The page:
Dear President Xi, President Biden, Prime Minister Trudeau, Prime Minister Rishi Sunak, President von der Leyen, President Yoon Suk-yeol, and Prime Minister Fumio Kishida,
We, the undersigned scientists, recognize the work that has been done over recent years towards developing a new Global Biodiversity Framework.
We are writing to express our concern regarding an emerging and growing threat to biodiversity that threatens to undermine these commitments: the large-scale use of forest bioenergy to generate electricity and heat.
We ask you and your countries to end all reliance on forest bioenergy and, over time, to replace it entirely with alternative renewable energy sources like wind and solar.
Up to one million species are at risk of extinction by the end of the century, primarily due to habitat fragmentation and loss. Forests are among the most biodiverse places on the planet, providing habitat for countless species. They are also often referred to as the “lungs of the earth” due to their capacity to absorb nearly a third of all the emissions released by burning fossil fuels.
Troublingly, because it has wrongly been deemed “carbon neutral,” many countries are increasingly relying on forest biomass to meet net zero goals. This is harming our world’s forests when we need them most. Many of the wood pellets burned at power stations for bioenergy are coming from whole trees — not wastes and residues from logging, as the industry claims. For example, nearly half of all biomass burned at the UK’s Drax Power Station comes from whole trees.
Also disturbing is the fact that many of these trees are coming from old, biodiverse and/or climate-critical forests. For example, we know that wood pellets burned in the UK come from clearcuts of mature hardwood forests in the U.S. Southeast’s North American Coastal Plain Biodiversity Hotspot; protected forest ecosystems in the Baltics that are critical habitats for imperilled birds and mammals; and primary forests in Canada, including the boreal forest, one of the world’s last remaining intact forests and a stronghold for global bird populations. Rare species such as the prothonotary warbler, the boreal woodland caribou, and the black stork, are already declining due to the loss and degradation of these forests. Forests will become even more important for biodiversity in the future as vital havens for species impacted by climate change, especially if these species’ ranges shift due to a changing climate.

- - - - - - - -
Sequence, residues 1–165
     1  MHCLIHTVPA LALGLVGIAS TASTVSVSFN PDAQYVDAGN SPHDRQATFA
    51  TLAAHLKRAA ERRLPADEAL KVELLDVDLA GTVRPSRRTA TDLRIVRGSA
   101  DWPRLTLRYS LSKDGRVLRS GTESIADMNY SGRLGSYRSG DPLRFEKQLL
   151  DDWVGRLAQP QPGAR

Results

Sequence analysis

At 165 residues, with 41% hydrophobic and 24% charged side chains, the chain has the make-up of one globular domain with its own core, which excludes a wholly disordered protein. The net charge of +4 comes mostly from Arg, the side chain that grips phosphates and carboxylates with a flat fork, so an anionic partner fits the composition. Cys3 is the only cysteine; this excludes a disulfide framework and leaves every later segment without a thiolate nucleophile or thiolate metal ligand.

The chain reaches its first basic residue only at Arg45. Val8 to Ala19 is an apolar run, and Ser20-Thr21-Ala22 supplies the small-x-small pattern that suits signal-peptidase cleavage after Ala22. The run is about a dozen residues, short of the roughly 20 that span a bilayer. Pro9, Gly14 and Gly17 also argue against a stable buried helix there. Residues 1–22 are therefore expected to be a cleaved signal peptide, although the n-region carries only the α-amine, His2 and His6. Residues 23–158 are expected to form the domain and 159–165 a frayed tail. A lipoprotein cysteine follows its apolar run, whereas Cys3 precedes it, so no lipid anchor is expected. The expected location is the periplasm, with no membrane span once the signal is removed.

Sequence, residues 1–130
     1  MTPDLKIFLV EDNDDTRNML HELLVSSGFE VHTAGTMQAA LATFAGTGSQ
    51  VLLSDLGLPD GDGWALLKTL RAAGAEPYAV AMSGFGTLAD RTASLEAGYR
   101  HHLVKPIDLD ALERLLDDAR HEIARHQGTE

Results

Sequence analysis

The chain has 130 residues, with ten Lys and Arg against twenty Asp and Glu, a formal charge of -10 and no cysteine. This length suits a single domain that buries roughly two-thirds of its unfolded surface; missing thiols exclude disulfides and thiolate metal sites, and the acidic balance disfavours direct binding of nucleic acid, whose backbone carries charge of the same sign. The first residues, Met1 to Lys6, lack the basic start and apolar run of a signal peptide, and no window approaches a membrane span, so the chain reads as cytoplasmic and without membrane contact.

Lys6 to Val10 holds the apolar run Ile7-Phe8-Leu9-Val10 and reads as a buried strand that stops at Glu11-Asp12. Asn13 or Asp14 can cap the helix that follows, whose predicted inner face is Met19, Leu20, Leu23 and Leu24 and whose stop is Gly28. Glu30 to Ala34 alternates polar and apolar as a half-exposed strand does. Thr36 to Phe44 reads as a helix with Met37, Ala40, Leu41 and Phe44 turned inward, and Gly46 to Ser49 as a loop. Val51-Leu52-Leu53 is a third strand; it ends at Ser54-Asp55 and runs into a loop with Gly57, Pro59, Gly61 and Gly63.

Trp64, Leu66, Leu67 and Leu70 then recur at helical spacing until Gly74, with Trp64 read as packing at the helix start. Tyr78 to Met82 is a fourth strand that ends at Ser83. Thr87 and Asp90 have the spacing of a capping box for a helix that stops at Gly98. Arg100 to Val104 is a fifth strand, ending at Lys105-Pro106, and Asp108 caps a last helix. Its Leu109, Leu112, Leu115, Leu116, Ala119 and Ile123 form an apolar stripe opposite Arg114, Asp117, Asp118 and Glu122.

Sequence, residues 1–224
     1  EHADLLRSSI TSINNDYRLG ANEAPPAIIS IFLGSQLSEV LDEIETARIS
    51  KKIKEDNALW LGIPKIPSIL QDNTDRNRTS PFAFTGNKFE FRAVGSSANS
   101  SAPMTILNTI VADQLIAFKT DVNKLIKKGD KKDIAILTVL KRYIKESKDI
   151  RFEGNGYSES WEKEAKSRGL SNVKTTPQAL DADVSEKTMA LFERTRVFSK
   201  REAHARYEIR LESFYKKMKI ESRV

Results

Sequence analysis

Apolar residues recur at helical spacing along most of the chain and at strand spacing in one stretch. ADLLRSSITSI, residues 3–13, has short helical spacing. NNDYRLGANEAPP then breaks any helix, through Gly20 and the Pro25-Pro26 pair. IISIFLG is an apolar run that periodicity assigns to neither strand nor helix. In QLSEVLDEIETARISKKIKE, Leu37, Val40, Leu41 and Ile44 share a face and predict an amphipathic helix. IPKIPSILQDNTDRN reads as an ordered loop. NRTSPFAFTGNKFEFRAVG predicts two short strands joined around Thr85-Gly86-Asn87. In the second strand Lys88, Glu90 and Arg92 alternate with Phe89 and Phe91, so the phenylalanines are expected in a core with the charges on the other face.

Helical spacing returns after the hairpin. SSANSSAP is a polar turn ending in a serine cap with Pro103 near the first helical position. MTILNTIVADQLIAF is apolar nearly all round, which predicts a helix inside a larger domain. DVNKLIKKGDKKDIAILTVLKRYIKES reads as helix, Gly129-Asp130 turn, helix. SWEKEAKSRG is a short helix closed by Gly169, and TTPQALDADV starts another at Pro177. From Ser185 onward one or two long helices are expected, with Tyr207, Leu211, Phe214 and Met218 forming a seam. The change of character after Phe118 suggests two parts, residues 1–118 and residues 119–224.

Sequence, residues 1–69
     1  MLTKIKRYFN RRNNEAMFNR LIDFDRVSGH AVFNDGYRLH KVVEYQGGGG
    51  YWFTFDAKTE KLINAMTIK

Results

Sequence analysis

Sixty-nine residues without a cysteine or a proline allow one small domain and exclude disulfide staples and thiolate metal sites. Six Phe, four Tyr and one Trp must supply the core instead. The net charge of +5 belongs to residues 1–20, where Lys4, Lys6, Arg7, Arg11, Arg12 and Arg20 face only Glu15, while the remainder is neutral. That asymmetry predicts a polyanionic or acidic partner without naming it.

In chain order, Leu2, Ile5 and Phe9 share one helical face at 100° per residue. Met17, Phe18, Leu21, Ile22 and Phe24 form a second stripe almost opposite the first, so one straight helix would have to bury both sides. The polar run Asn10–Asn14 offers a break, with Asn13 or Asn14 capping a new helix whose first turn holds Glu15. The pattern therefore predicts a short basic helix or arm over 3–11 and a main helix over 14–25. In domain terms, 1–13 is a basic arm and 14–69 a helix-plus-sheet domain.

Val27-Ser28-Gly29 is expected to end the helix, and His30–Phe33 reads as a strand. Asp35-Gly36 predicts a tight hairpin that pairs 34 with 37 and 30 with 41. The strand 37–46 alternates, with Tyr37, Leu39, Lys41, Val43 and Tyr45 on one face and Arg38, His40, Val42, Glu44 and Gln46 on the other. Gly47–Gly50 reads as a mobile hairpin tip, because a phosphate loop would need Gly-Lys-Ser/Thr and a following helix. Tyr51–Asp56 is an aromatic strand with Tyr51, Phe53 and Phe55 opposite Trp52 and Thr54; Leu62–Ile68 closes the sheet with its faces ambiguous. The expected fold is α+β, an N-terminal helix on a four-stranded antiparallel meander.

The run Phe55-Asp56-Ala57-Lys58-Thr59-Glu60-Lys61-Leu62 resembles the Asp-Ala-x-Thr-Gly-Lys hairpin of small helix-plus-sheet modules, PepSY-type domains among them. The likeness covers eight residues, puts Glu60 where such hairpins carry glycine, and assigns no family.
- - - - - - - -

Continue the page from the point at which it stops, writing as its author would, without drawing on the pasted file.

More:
Wood used for biomass energy is routinely logged using harmful practices like clearcutting. On-the-ground investigations show that two of the world’s largest pellet manufacturers — Enviva and Drax — make pellets from wood clearcut from forests. Clearcutting to provide timber for wood pellets in the EU and UK is even occurring in reserves designed to protect forests and rare and threatened species (e.g. European Union’s Natura 2000 network). Studies in tropical forests have shown that once a forest has been clearcut, it takes decades, if not centuries, before it can regrow to recover its original level of ecosystem productivity and biodiversity. While trees may be replanted after logging for bioenergy, they are sometimes replaced with monoculture plantations, which are not nearly as valuable when it comes to biodiversity or ecosystem productivity. In some places — such as Brazil’s Rio Grande do Sul region — monoculture tree plantations have completely taken over existing, natural ecosystems, leading to local extinction of species and other environmental impacts.